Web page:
Achieving professional and personal growth through content integration

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“El Sapejo” is a drawing completed by elementary Spanish teacher Kari Jesse at the Arts Integration Academy she attended in July 2016. The painting was inspired by “Alebrijes,” which are brightly colored folk art sculptures of fantastical creatures from Mexico. Submitted photo by Kari Jesse
“El Sapejo” is a drawing completed by elementary Spanish teacher Kari Jesse at the Arts Integration Academy she attended in July 2016. The painting was inspired by “Alebrijes,” which are brightly colored folk art sculptures of fantastical creatures from Mexico.
Submitted photo by Kari Jesse

By Kari Jesse
kari.jesse@shelby.kyschools.us

I have a confession to make.  I have a fixed mindset at times.  Don’t be surprised to hear me say I’m not good at mathematics and that I can’t dance, for example. 

My fixed mindset has been an obstacle that has often kept me from trying new things in the classroom.  Luckily, though, I am learning to have a growth mindset, and it’s all thanks to integration of content.

In the spring of 2016, I decided to apply for a four-day Arts Integration Academy created by the Kentucky Center for the Arts and the Kentucky Department of Education. The academy’s focus was on integrating art, culture and world languages. As an elementary Spanish teacher, there are few professional development opportunities specifically designed to meet my needs. So, I was initially excited to learn something immediately applicable to my practice. I expected to learn about artists and art forms that I could introduce to my students. What I never expected was to find the artist within myself.

At the academy, I found myself sitting among teachers of various grade levels and content areas, including art, social studies and world languages. Each morning, we participated in hands-on, engaging sessions highlighting cultures and their art forms. Instead of telling us how to integrate culture and the arts, we were shown how to integrate them by becoming active participants ourselves.

I’ll never forget the thrill I felt when we were given white gloves to hold a precious artifact as we learned about the culture from which it came! Analyzing photographs of families from around the world and looking for evidence of their unique cultures gave us the opportunity to explore the world and recognize multiple perspectives. Each session had something for everyone; we all walked away with information and activities to take back to students.

Each afternoon of the academy was focused on creating art. At first, I was puzzled. I had always seen art in the world language classroom as a stand-alone culture lesson to be taught in English. And I certainly didn’t think of myself as an artist.

This academy, though, focused on using art as a means of teaching language and culture. To be able to do that, we needed to experience creating and experiencing art so we would be equipped to use this approach with our students. As a result, I found myself experiencing a huge paradigm shift! Not only did I begin to see myself as an artist, but I also began to see the benefits of integrating content in the target language. I couldn’t wait for the school year to begin so I could try out my newfound knowledge.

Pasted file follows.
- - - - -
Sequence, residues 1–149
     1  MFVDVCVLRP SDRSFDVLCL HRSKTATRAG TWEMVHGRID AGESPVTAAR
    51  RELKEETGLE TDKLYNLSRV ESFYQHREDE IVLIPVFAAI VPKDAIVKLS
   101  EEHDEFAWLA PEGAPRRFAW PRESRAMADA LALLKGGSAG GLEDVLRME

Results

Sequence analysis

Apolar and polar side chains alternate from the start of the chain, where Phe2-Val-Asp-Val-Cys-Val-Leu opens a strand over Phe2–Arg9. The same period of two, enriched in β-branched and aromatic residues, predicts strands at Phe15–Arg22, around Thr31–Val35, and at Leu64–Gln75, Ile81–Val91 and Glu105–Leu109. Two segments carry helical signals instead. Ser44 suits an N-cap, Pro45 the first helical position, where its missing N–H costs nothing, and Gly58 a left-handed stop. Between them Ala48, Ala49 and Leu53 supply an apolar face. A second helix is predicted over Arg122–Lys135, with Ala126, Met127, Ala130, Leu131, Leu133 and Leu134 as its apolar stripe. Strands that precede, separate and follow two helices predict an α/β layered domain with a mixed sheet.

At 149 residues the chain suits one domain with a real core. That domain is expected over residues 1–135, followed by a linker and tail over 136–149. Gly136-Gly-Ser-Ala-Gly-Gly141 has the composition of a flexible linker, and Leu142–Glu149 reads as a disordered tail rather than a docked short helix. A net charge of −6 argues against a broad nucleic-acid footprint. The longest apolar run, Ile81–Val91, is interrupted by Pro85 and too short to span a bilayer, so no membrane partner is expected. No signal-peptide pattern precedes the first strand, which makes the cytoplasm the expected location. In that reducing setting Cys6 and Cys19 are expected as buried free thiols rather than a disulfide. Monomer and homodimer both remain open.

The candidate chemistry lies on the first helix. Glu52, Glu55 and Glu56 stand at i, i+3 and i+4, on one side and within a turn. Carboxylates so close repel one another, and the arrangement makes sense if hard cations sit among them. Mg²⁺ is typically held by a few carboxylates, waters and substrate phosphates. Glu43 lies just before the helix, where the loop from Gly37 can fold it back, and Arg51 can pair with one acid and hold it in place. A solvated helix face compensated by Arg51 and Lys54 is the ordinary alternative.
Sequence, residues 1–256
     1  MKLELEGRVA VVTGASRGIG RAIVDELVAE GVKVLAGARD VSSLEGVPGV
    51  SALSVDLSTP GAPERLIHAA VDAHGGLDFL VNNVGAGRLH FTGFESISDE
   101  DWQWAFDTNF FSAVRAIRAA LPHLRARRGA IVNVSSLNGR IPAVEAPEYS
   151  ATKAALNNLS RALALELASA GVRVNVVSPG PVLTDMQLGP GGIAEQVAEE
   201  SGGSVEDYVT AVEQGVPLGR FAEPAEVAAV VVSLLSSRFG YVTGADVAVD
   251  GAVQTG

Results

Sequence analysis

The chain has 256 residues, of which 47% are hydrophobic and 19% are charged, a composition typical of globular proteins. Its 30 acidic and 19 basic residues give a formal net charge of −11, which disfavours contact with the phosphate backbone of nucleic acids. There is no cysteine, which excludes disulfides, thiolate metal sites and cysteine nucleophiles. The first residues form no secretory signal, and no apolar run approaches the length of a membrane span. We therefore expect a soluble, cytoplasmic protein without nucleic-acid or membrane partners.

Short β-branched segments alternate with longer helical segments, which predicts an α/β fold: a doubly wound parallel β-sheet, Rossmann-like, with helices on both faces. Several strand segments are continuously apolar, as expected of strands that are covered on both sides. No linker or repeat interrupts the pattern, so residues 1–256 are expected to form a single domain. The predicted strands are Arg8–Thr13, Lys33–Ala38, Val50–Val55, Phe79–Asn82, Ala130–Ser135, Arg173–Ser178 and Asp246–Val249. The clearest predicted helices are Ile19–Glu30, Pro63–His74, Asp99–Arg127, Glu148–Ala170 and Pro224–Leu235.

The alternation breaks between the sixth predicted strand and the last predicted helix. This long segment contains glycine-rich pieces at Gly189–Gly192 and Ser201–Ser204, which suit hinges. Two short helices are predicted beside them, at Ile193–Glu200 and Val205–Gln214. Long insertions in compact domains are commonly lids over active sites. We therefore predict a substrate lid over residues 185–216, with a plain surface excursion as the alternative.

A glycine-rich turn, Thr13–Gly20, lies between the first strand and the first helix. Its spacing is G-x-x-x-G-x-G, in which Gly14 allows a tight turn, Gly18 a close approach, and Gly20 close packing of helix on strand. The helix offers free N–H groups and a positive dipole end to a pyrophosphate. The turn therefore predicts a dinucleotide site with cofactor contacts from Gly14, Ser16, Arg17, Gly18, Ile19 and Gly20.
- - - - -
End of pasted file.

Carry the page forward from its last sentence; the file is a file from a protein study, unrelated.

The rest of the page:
Since the academy, I have successfully integrated art to teach language and culture. My first experience was teaching colors to kindergartners using the art of Spanish painter Joan Miró. Not only did they analyze his art to find colors as I introduced them, but they also painted like Miró.

Students enjoyed seeing real art that looked “kid-like.” They were astounded that I actually encouraged them to scribble to make an automatic drawing, and they loved painting with dry watercolors. Students learned colors in a culturally authentic way, and it gave them an experience that made identifying colors engaging and memorable.

Teaching the Miró lesson challenged me professionally, because I had to research art standards for my lesson plan and I had to learn the target language vocabulary I needed to teach art and culture. I had to make sure I could clearly explain the artistic process in the target language down to the smallest detail, which meant I had to create the art, too.

The experience grew me personally, as well.  I had never explored Miró’s life and work, so it was interesting to learn more about him. It was fun to explore his works to find just the right ones that met my objectives. I even found one or two that I might like to hang on my living room wall.

Before attending the academy, I would never have had the confidence to teach language and culture through art. My fixed mindset told me I was not an artist and that culture lessons were to be taught in English. Now, I see myself as an artist and I look forward to integrating content through language, thanks to the Arts Integration Academy.

Now if only there were a Dance Integration Academy …

 

Kari Jesse is a Spanish teacher for grades K-2 at Heritage Elementary and Wright Elementary in Shelby County.

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